The Evolution of the Universal Pictures Intro

I love watching a film studio’s ident unfold in the moments before a movie starts. It’s the appetizer before the film. And it gives you a neat little peek into the studio’s brand- the way they want to identify themselves to you, the viewer. I’ve probably seen more films from Universal than I have any other studio. This is mostly a residual of their niche as the horror specialists of the 1930’s and 40’s. As such, I’ve seen their ident evolve, moreso than companies like 20th Century Fox, MGM, and Disney whose intros have stayed mostly static for a very long time. Here’s the evolution of the Universal intro, along with a handful of really unique alternate versions they’ve had through the years. Enjoy!

The Current
While I really enjoy several of these, the current one is pretty tough to beat. The majestic french horn combined with the orchestral crescendo sets the tone for good movie viewin’.


The First
This one goes as far back as 1914 (Universal was founded in 1912; their first release was in 1914). I can honestly say that I’d never seen this version until I started researching for this entry. Per the Youtube link, this is the intro from the 1914 short film, By the Sun’s Rays, starring Lon Chaney, Sr. (who else?). Note that it’s also called “The Trans-Atlantic Film Company”.

Into the 20’s
At some point in the middle of the 1920’s, the classic plane started to appear in the ident. This particular version is from 1927:

The Classic, Part I
As I mentioned, Universal had a niche as the horror studio. Their creature features were an integral part of building Hollywood into what Hollywood became. They’re a beautiful fusion of German expressionism and the seeds of American noir, all placed into a (hokey but) fun supernatural context. So when you turn on The Mummy or Frankenstein or Dracula, this intro is the one you see. It lasted from approximately 1928 to 1936.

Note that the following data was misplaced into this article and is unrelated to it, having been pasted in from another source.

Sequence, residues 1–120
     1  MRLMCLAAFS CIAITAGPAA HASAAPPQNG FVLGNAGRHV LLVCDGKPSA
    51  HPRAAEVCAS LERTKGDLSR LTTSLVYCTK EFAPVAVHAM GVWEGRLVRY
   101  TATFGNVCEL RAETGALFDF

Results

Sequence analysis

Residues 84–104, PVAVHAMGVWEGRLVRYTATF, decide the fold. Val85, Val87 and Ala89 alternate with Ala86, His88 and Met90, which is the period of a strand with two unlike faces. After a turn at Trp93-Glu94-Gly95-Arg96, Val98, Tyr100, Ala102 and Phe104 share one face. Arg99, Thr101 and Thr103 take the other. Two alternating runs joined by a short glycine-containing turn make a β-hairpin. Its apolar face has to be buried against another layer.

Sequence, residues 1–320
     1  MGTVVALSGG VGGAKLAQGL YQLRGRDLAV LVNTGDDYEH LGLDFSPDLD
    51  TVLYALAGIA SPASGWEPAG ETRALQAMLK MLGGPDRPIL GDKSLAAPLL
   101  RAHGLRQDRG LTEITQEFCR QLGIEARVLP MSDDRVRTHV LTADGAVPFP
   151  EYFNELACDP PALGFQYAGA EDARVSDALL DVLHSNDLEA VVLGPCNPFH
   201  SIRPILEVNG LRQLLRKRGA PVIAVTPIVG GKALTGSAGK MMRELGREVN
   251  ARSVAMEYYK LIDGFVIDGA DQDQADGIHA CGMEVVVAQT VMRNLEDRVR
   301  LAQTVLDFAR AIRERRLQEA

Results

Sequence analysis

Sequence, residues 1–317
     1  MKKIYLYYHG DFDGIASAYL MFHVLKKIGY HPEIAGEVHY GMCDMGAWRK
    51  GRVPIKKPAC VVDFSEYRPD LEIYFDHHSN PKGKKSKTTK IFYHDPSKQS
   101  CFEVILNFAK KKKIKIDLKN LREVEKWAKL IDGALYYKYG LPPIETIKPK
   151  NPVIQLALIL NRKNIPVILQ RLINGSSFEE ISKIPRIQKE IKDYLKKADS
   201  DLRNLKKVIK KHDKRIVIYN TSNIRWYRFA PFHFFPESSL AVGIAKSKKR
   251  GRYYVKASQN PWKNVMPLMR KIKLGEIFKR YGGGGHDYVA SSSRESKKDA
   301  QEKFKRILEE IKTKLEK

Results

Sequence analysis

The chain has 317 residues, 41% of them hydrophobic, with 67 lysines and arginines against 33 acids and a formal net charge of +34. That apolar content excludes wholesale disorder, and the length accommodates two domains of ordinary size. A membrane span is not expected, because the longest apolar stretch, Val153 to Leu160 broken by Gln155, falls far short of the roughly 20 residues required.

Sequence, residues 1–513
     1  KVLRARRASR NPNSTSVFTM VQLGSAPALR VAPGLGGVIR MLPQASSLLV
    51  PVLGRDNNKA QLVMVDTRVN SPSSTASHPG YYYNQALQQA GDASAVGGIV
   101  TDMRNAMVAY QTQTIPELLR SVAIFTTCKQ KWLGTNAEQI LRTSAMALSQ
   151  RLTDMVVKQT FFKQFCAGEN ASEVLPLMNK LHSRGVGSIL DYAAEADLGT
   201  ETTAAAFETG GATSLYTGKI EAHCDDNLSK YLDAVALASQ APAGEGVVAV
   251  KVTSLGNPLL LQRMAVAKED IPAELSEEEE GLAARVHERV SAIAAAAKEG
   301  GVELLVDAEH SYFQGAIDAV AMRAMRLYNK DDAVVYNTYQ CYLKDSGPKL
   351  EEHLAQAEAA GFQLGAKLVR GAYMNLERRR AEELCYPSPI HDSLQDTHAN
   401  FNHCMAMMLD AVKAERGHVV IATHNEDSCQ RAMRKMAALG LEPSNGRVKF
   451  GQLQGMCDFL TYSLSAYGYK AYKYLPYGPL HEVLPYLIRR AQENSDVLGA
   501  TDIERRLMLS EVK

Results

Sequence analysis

The Classic, Part II
After channeling the popularity of Lon Chaney, Sr., Boris Karloff, and Bela Lugosi into studio firepower, Universal decided to emphasize that they had star power… by adding stars to their ident. This is the intro that you see during the second wave of the creature features (amongst other places)- specifically in The Wolf Man. It came about circa 1937:

The Boring Version
Troops came home from overseas at the conclusion of the tumultuous World War II. Suburbs started popping up all over the place. Boomer kids were born. America turned their grandfather, Dwight D. Eisenhower, into their president for eight years. The whole country (save for a few beatniks) collectively ended bachelorhood, settled down to raise families, and became a (mostly) boring place, for better or worse. And so Universal turned their grand ident into visual and auditory oatmeal from about 1947 until the early 1960’s. The creation of this version also coincides with Universal’s merger with International Pictures and subsequent reorganization as Universal-International.

The Only Slightly Less Boring Version
In the late 50’s and early 60’s, MCA gradually took over Universal, and ultimately re-branded the intro. Three things happened in the late 50’s and early 60’s that (presumably) influenced the Universal ident. First, space travel was becoming an exciting reality. Second, color became much more prominent in cinema. And third, boomer kids started influencing elections and the country elected the charismatic John F. Kennedy. The result? They put it in color and added some crap that kind of implies orbit, or planetary rings, or… something. This version ran for most of the 60’s, 70’s, and 80’s:

The 75th Anniversary Version
To commemorate their 75th anniversary, Universal rolled out a longer intro that paid homage to their classic intros of the past. And after the 75th anniversary had passed, they brought out a truncated version. This truncated version lasted about 8 years, until 1997. Both versions were (in my opinion) massive improvements over what they’d had for 4+ decades, as the orchestral intro returned and the notion of outer space was given more depth and motion. The whole thing popped off of the screen more. First the 75th anniversary intro: